I Have Not Been Consistent on Dual Vendors

Bad Mike, Bad!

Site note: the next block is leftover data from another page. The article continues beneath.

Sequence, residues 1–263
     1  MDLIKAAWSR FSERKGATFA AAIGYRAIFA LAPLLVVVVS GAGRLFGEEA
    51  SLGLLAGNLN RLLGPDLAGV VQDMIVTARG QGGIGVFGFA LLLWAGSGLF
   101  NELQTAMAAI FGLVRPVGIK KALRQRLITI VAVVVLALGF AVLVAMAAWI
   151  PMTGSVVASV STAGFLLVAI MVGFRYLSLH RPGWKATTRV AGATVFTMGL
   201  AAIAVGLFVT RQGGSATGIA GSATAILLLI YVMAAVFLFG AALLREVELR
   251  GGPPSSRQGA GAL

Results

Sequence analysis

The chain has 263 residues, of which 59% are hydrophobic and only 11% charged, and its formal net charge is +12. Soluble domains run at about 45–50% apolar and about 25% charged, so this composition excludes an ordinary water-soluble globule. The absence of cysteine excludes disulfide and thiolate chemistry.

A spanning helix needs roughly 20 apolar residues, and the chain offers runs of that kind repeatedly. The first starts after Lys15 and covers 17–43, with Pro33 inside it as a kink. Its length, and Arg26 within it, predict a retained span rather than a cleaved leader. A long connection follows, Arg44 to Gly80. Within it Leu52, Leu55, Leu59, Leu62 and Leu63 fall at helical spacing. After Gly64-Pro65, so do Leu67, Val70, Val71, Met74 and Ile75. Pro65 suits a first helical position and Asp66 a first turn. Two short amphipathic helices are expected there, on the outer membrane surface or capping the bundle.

Don't you just love it (or hate it depending on your point of view) when a politician says one thing and then (within about 30 minutes these days) a YouTube video pops up showing them saying something completely opposite. Oops! Hate (love) that. So, I was looking through old blogs this week and realized that about two years ago I had argued why dual-vendor strategies where bad. Despite the upfront CAPEX savings, organizations would probably end up spending more over the long-term on increased operation costs dealing with two vendors, complexity inflation, and lack of enhanced features. It all made sense...and still does. Too bad about 2 months ago I blogged that a good way to save money was to keep competition in your network using dual vendors. Cue the YouTube video please! Oops. So, as a non-politician, here is my attempt to explain myself. Do dual vendors networks add complexity and actually end up costing more in the long-run? Yes Can having competition in your network from dual (or more vendors) keep initial CAPEX costs low? Yes (See, just like a politician, I now have it both ways!!!) Seriously, which strategy to choose depends on your team and your network's maturity. If you lack template designs, a written architecture, good team organization, and a technology roadmap then using dual vendors is just silly. You have a lot more important things to work on. Doing the things I listed above will save a lot more money than having dual vendors. And, since you don't have good standards and network design processes, then adding another vendor could be a disaster. You need to simplify your network environment, not add complexity. Call you Cisco sales rep and profess your undying love for that single digit discount he is offering you. Buy nothing but Cisco while you work on, at minimum, template designs, and a written architecture. However, if your network architecture and the network itself are mature and well documented, then you have an opportunity to introduce another vendor into the environment to save more money. You've already optimized your environment by doing proper network design/architecture, now you can attack the marginal costs with competition between vendors. With a written architecture, templates, and a mature engineering discipline you will be able to incorporate another vendor's technology. I hope this clears up any confusion. Please contribute to my campaign! :-)

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